Non-governmental Organisations Major Group - 2nd World Water Forum

Background paper for the workshop 'GOVERNANCE & PARTICIPATION

Institutions, Governance and Participation

Shailaja Annamraju - WaterAid

27-29 Albert Embankment, Prince Consort House, London SE1 7UE

The looming water crisis has been referred to by many as a crisis of governance and a lack of political will. Governance, in the water resources sense, could be defined as the manner in which power is exercised in the management of the water resource. While good governance is where the management of the resource yields equitable, transparent and accountable institutions.

This paper asserts that discussions around governance and integrated water resources management do not adequately recognise community management structures as an appropriate institutional scale for water resources management.

It is the contention of WaterAid if stakeholder participation is as critical to water resources management as it is claimed to be in the Framework for Action and World Water Vision, then capacity building should begin in partnerships at the community level.

 

Governance

Good governance has two objectives - one is encouraging greater transparency, accountability and administrative efficiency, the other related concern is with human rights and participation. Specifically, good governance is concerned with the appropriate scale for planning and management of the resource; defining the costs and charges to be included in pricing water; and the ownership of the process.

Appropriate level of resource planning and management

The World Water Vision acknowledges that a governance transformation "will always be necessary to proceed with a logically linked scheme of reformsmanagement of the resource should begin at the catchment level and move to that of the river basins." Stakeholder participation in integrated water resource lies at the heart of changes in governance structures.

Stakeholder participation and the involvement of communities in water resources management requires the emphasis of actions to shift to empowering communities to manage their own resources, for decisions on pricing water at an affordable level to be made with effective participation of the community especially to poorer sections, for farmers to understand the concept of more crop per drop, and for communities and farmers to understand the concept of demand management and conservation.

The community management structures for water and sanitation services and farmer associations are the structures where capacity building first needs to take place in logical sequence towards integrated water resources management. The complementary components of good governance of participation and human rights and accountability, transparency and administrative efficiency can only be achieved with communities in partnership.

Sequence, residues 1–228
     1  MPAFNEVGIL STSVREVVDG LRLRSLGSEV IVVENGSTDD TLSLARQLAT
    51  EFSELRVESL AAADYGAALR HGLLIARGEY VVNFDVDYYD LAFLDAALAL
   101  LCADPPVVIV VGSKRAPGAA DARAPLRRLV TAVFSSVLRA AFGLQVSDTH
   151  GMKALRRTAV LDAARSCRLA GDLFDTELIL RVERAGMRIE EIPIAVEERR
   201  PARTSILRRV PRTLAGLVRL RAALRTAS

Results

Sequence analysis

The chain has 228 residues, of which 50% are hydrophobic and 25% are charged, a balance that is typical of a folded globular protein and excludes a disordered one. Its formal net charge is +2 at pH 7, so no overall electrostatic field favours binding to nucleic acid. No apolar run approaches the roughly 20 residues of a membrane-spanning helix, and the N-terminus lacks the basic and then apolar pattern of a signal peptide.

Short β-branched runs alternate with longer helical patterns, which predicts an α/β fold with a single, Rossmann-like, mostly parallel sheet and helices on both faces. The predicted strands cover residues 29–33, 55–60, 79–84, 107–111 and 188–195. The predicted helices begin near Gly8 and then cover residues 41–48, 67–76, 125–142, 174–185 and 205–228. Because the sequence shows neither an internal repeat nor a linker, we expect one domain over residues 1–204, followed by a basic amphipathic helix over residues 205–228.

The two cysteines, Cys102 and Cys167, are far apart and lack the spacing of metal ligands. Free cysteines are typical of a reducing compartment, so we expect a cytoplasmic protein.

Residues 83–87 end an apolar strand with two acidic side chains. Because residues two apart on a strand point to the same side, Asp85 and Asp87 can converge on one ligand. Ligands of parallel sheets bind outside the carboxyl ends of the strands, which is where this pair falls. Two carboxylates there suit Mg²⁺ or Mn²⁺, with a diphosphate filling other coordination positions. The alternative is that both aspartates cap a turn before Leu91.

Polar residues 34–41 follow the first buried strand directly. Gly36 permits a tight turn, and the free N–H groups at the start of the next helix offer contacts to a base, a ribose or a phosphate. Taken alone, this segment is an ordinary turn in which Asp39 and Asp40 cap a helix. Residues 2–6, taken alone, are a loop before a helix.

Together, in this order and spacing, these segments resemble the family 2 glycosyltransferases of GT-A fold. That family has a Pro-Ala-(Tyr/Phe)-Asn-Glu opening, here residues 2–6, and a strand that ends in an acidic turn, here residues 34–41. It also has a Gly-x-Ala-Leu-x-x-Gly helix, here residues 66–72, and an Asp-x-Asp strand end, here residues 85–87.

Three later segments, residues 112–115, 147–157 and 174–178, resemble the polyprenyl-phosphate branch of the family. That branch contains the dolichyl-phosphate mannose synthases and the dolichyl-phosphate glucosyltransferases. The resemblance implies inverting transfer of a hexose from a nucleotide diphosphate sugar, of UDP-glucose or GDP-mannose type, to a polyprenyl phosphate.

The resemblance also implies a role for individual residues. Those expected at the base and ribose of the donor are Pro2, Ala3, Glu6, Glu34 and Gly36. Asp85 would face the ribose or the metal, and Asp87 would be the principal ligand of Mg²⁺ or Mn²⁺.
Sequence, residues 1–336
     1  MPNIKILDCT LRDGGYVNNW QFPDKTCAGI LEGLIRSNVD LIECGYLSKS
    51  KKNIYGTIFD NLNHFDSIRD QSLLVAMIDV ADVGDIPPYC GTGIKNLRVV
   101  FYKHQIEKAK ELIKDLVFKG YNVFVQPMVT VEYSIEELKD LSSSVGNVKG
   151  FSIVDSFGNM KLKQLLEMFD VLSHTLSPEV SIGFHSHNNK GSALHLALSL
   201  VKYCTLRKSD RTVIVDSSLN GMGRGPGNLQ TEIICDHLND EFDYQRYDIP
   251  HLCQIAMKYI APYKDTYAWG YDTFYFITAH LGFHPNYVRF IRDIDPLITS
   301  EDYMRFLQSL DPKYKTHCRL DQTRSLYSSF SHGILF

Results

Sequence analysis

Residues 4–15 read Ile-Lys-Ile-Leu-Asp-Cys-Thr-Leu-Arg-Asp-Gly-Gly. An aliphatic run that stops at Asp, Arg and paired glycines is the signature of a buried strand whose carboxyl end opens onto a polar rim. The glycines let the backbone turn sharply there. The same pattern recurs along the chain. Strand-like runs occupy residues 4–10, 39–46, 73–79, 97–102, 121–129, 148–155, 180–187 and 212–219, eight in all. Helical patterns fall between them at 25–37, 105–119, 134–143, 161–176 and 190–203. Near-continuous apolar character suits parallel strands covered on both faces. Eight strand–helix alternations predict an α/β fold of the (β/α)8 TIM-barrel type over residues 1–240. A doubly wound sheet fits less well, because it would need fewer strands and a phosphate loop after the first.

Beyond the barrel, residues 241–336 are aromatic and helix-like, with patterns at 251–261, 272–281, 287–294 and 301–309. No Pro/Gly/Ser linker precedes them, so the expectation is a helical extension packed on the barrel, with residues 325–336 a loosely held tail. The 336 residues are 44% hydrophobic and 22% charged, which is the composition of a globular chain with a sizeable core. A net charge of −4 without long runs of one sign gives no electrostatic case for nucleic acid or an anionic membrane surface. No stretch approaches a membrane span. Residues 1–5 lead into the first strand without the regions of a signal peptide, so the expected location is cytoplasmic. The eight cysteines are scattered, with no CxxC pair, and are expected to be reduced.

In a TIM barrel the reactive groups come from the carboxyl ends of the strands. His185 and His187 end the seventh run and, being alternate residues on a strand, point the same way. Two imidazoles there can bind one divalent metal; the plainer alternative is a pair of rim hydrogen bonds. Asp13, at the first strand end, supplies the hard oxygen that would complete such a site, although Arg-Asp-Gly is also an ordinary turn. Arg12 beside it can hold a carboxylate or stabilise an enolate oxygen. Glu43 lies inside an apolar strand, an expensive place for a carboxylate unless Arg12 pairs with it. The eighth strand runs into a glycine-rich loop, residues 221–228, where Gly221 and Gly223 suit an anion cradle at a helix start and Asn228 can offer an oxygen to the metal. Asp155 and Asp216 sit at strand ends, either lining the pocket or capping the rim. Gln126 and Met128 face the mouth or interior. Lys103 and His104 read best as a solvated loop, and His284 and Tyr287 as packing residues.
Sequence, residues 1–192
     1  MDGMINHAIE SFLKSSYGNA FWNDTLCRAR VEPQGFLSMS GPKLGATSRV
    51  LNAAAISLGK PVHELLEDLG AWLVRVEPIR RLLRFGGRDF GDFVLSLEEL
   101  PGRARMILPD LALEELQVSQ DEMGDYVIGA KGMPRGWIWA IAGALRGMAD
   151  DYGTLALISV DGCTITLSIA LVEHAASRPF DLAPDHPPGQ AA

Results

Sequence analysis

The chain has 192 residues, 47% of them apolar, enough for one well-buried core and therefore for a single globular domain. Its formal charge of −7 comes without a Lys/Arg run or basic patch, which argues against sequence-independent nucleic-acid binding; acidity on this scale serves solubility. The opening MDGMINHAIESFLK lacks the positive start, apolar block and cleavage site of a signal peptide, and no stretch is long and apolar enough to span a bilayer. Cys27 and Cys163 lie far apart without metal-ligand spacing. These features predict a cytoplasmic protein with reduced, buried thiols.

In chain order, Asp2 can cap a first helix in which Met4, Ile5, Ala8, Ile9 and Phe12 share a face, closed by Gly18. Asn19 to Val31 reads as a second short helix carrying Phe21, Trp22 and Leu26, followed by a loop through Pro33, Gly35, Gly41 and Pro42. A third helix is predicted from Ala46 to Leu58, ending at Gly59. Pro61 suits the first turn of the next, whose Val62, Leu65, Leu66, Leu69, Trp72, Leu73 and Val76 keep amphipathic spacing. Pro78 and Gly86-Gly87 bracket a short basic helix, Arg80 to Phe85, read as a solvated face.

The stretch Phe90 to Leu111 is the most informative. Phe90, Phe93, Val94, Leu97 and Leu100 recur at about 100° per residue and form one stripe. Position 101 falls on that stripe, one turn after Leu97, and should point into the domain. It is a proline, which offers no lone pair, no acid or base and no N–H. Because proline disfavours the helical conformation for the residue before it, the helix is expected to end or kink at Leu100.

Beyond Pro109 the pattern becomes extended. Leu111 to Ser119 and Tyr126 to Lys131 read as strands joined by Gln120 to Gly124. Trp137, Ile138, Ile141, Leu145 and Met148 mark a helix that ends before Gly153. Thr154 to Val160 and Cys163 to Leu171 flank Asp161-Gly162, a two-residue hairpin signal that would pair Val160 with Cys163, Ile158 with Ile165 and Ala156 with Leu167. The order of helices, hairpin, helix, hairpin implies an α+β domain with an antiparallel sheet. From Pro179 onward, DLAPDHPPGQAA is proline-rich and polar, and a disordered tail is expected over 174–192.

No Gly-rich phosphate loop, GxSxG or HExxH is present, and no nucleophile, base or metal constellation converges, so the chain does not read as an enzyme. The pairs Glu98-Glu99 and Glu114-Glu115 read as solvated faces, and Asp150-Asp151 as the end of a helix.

Community level planning and management

WaterAid's experience of the provision of safe, drinking water and effective sanitation to the poor communities in 15 countries in Africa and Asia demonstrate that where the communities are in control of the decision-making over the services and facilities at all levels, of operations and maintenance, and of funds for repairs and spare parts results in a high level of empowerment and ownership, administrative efficiency, and sustainability of service.

Strong working examples of sustainable community management are visible in domestic water supply provision in the shape of water user associations. Inter-sectoral allocation by users is seen in the management of village tanks (ponds) or other local water sources used for domestic water, irrigation, and even livestock watering. There are also examples of inter-sectoral community management structures within catchments.

Advantages of community management structures include the potential flexibility to adapt water delivery patterns to meet local needs in an equitable manner both in terms of cost recovery and subsidies, to achieve administrative feasibility and sustainability, to balance gender representation and to obtain political acceptability as a resource allocation mechanism. Additionally, a central concept of community management is sustainability through ownership of the process. Ownership comes in partnerships with stakeholders, through community and involvement at every stage of the planning, implementation and monitoring and evaluation process.